Anyone who’s ever tried to quit smoking, eat less or exercise more knows that changing personal habits is hard. The more often we repeat a routine behavior, the less we need to think about it. That’s one reason why entrenched behaviors are notoriously difficult to change—they happen without thinking.
The new year means new opportunities, experiences and... new goals. But the goals we set in January are often long-forgotten by July. Or worse, they hang around our neck like an albatross reminding us of our inaction. Bright lines can make the difference between success and failure.
Have you set personal and professional goals for the year? If so, I bet you've made sure they are SMART (Specific, Measurable, Achievable, Relevant, Time-Bound). But do you have the right attitude to achieve them?
Having the right tools in our toolbox dramatically increases our chance of success. However, relying on the same tool all the time will hinder performance. As the saying goes: "If all you have is a hammer, every problem looks like a nail."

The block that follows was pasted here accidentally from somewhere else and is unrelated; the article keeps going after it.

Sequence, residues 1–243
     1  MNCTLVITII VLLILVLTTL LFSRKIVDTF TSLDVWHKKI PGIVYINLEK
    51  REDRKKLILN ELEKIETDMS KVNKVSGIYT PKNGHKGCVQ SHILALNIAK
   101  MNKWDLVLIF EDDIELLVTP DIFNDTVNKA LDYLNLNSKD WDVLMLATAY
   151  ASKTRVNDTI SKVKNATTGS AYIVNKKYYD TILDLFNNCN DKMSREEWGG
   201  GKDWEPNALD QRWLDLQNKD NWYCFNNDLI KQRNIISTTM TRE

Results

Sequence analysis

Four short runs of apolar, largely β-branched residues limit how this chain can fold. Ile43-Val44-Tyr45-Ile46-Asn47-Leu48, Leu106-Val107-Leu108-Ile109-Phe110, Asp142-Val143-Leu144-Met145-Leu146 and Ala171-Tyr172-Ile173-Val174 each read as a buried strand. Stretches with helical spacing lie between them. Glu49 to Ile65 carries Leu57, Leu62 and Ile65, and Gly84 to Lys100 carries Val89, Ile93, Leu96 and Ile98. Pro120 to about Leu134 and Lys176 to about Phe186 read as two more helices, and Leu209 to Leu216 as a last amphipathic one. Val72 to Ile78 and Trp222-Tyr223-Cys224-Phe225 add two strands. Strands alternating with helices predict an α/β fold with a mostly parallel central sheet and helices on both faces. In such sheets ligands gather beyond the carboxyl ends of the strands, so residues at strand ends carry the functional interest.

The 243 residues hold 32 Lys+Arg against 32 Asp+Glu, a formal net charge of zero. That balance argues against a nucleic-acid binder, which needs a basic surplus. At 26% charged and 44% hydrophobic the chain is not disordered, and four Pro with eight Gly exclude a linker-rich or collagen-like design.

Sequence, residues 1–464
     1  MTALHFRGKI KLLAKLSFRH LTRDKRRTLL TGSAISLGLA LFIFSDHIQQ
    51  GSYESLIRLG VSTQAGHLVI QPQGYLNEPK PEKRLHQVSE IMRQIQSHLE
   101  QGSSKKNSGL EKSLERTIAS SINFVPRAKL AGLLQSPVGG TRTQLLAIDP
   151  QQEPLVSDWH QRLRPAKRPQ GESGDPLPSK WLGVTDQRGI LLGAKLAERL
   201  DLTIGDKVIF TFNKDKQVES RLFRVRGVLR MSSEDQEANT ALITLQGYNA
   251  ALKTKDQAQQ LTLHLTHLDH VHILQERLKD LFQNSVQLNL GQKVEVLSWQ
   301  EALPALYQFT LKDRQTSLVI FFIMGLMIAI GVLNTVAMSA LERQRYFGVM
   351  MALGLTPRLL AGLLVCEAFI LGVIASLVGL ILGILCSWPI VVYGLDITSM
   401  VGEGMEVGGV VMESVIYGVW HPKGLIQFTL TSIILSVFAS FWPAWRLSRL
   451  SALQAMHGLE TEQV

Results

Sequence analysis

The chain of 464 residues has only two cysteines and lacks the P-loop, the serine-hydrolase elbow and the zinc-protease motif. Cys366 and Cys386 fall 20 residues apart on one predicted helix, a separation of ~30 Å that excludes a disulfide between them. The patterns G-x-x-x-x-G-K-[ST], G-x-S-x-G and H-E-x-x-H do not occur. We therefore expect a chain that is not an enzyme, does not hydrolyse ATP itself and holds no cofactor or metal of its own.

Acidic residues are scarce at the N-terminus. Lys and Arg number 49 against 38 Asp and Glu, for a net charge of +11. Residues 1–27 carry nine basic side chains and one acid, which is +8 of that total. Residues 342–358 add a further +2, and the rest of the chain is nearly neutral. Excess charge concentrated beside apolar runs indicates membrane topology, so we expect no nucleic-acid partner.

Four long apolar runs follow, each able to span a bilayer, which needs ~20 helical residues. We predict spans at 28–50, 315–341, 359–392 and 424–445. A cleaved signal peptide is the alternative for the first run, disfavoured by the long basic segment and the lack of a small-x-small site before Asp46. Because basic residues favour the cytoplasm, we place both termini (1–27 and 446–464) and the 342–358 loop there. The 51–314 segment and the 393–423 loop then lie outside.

Both talent and effort are necessary for achievement. Without talent, you can put in lots of time and not get very far. And talented people often fail for lack of stamina. While talent depends on intelligence (the smarter you are, the faster you learn), effort is directly related to self-control or "grit." Psychologist Angela Duckworth defines grit as “perseverance and passion for long-term goals.” It’s grit that keeps a person going long enough to put in the 10’000 hours of dedicated practice needed to achieve mastery in a field.
Self-control—the ability to delay gratification, concentrate on a task, resist a temptation, or control emotions—is key to success at work and in life. The good news is that we can improve our willpower.
Willpower. Who wouldn’t like to have more of it? We need willpower when we concentrate on a task, solve a problem or resist a temptation. Read on for tips on how to build your willpower.